Another VB-ADO Tool to View Data from a SQL Database

Does the World Need Another ADO to SQL Lesson?

Frankly, I didn’t think so, but I was wrong.

One of our clients recently requested information about how to connect to their SQL Server
database using ADO code in Visual Basic (and/or ASP). Having worked with ADO for a couple
of years already and being so comfortable with the technology, I was surprised to receive
such a request. But, what seemed like trivial code for me was difficult for my code-novice client.

I scratched out a simple VB form with text boxes to provide the necessary login arguments:
Server Name, Database Name, User and Password. The form provides a sample SQL Statement
for the Pubs database and attempts to format the results with headers for easy reading.

It was not the intention of this project to create a substitute for the SQL Server Query Analyzer,
although it has a similar function. You may execute any SQL statement that returns a recordset
(including system stored procs such as sp_Help). The real purpose was to provide a template that
could be used by novice coders to create their own ad-hoc ADO to SQL Server reporting tools.

The code of most importance is reproduced below with comments interspersed and the VB project
is available for download.    
View Screen Shot of Form Here    
Sample ASP Code

Code for Connect and Execute Buttons

‘********* Connect Command Button Code **************
Private Sub cmdConnect_Click()
On Error Resume Next

‘ Validate user supplied login arguments
‘ … validation code goes here

‘Create connect string from user input box values
strConnect = “Provider=SQLOLEDB.1” _
& “;User ID=” & Me!txtUID _
& “;Password=” & Me!txtPWD _
& “;Initial Catalog=” & Me!txtDatabase _
& “;Data Source=” & Me!txtServer

Screen.MousePointer = vbHourglass

‘Call sub to test connect string
If TestConnectString(strConnect) = False Then
strMsg = “Server not found or login invalid.”
MsgBox strMsg, vbExclamation, “Error”
‘Exit the routine because there was an error
‘Toggle command buttons and text boxes appropriately
‘… do stuff here
End If

Screen.MousePointer = vbNormal

End Sub

‘********* Test Connect String Sub **************
Function TestConnectString(ByVal sConn As String) As Boolean
On Error Resume Next

Dim cnn As ADODB.Connection
Set cnn = New ADODB.Connection

‘TestConnectString initializes to False by default
cnn.Open sConn

‘No error means that the connect string works!
If Err.Number = 0 Then TestConnectString = True

‘ Clean up and release resources
Set cnn = Nothing

End Function

‘********* Execute Command Button Code **************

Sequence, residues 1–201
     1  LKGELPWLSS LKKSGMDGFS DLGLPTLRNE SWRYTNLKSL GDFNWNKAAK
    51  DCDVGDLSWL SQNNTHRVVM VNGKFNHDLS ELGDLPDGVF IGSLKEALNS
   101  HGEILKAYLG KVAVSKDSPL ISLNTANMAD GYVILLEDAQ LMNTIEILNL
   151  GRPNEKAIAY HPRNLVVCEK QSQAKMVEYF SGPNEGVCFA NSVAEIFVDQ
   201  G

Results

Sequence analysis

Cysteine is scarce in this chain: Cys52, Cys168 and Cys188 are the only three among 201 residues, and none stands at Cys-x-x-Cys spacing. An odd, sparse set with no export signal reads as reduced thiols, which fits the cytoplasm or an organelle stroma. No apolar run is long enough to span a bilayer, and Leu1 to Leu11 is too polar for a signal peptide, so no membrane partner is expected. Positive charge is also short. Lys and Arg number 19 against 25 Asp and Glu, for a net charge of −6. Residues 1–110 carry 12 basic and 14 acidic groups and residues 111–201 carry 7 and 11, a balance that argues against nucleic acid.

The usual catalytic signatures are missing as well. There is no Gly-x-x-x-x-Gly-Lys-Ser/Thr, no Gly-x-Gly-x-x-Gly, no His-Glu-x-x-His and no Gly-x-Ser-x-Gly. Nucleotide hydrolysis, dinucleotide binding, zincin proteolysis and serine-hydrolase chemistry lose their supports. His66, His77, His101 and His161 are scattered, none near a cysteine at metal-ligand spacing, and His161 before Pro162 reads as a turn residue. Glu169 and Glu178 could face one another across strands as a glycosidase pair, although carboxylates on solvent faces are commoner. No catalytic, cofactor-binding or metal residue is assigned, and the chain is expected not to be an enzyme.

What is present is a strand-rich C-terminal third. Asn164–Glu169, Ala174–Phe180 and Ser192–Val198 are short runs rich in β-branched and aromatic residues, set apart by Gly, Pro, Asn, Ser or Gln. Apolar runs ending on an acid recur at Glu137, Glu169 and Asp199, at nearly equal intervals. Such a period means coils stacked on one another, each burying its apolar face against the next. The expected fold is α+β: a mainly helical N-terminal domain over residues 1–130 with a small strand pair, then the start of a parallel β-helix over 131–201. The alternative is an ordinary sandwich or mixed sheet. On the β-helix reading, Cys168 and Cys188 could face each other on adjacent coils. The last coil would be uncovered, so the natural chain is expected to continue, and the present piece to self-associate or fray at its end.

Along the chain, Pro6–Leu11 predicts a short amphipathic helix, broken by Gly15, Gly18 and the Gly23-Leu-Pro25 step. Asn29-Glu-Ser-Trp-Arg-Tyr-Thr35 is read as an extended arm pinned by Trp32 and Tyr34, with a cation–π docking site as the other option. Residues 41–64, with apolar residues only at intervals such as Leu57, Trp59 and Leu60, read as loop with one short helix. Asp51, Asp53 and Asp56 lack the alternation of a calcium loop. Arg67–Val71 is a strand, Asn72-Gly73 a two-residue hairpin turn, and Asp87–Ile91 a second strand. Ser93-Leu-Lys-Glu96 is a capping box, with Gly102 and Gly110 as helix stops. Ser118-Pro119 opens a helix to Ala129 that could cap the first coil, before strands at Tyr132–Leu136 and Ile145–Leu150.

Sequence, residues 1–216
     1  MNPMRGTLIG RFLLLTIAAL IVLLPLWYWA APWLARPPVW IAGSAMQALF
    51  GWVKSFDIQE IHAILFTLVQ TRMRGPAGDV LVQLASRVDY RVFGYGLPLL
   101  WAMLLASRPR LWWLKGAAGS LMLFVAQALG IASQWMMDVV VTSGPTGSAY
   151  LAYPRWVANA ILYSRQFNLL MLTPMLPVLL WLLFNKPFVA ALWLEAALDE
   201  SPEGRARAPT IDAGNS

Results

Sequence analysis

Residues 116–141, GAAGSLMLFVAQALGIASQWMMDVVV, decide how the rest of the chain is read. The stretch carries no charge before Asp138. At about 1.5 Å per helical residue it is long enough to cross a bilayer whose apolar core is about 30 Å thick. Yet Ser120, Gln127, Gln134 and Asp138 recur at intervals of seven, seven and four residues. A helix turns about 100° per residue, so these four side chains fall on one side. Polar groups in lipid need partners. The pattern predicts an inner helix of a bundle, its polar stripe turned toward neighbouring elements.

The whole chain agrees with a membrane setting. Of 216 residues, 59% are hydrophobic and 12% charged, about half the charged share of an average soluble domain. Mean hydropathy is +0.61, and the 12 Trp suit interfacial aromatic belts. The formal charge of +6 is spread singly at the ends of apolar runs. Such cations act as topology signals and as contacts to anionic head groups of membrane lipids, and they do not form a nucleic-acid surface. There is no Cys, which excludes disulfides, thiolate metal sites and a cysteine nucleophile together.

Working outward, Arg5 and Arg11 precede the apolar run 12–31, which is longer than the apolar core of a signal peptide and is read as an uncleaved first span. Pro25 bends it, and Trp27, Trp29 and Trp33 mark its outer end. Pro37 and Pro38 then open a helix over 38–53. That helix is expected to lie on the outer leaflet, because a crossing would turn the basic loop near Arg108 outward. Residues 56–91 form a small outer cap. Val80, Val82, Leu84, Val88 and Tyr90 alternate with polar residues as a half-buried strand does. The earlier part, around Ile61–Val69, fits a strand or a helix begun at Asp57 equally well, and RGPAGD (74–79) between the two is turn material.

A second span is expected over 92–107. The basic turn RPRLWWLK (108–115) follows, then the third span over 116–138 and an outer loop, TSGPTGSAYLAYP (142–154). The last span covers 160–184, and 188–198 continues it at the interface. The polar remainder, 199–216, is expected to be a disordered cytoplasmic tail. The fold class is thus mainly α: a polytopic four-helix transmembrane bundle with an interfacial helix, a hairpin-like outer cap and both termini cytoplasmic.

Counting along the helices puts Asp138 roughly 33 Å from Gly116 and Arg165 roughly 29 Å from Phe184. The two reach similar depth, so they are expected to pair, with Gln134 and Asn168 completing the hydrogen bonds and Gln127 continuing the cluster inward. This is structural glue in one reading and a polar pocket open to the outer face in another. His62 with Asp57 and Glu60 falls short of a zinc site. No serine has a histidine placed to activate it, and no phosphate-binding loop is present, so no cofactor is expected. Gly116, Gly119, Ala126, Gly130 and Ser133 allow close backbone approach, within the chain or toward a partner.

Private Sub cmdExecute_Click()
On Error Resume Next

Dim cnn As ADODB.Connection
Dim rst As ADODB.Recordset
Dim fld As ADODB.Field

Dim strMsg As String
Dim strHeaders As String
Dim strResults As String

‘ Simple validation that SQL statement exists
If Len(Me!txtSQL) = 0 Then
strMsg = “Enter a valid SQL Statement.”
MsgBox strMsg, vbExclamation, “Error”
Exit Sub
End If

MousePointer = vbHourglass

‘ Instantiate Connection and Recordset objects
Set cnn = New ADODB.Connection
Set rst = New ADODB.Recordset

‘ Open Connection and Load Recordset
cnn.Open strConnect
rst.Open CStr(Me!txtSQL), cnn

‘ Create column headers
For Each fld In rst.Fields
strHeaders = strHeaders & UCase(fld.Name) & vbTab

‘ Use the GetString method to retrieve recordset text
strResults = rst.GetString(adClipString, -1, vbTab, vbCrLf)

‘ Return header and data to results pane
Me!txtResults = strHeaders & vbCrLf & strResults

‘ If there was an error then replace the output
‘ text with the description of the error.
If Err.Number > 0 Then Me!txtResults = Err.Description

‘ Clean up and release resources
Set rst = Nothing
Set cnn = Nothing

MousePointer = vbNormal

End Sub

Well, that’s all there is to it. I’ve included a sample ASP page which uses the same ADO code
and SQL example with the download for this article. As you can see,
ADO isn’t dificult to implement and works equally well from Visual Basic and ASP. Soon though,
we’ll be reading more about ADO’s little brother, ADO.Net. In a future article I’ll provide code
to work with the newest of Microsoft’s data access technologies.

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Danny Lesandrini

Danny Lesandrini
Danny Lesandrini
Danny J. Lesandrini currently works as the IT Director for Pharmatech Oncology Inc. at He holds Microsoft Certifications in Access, Visual Basic and SQL Server and has been programming with Microsoft development tools since 1995.

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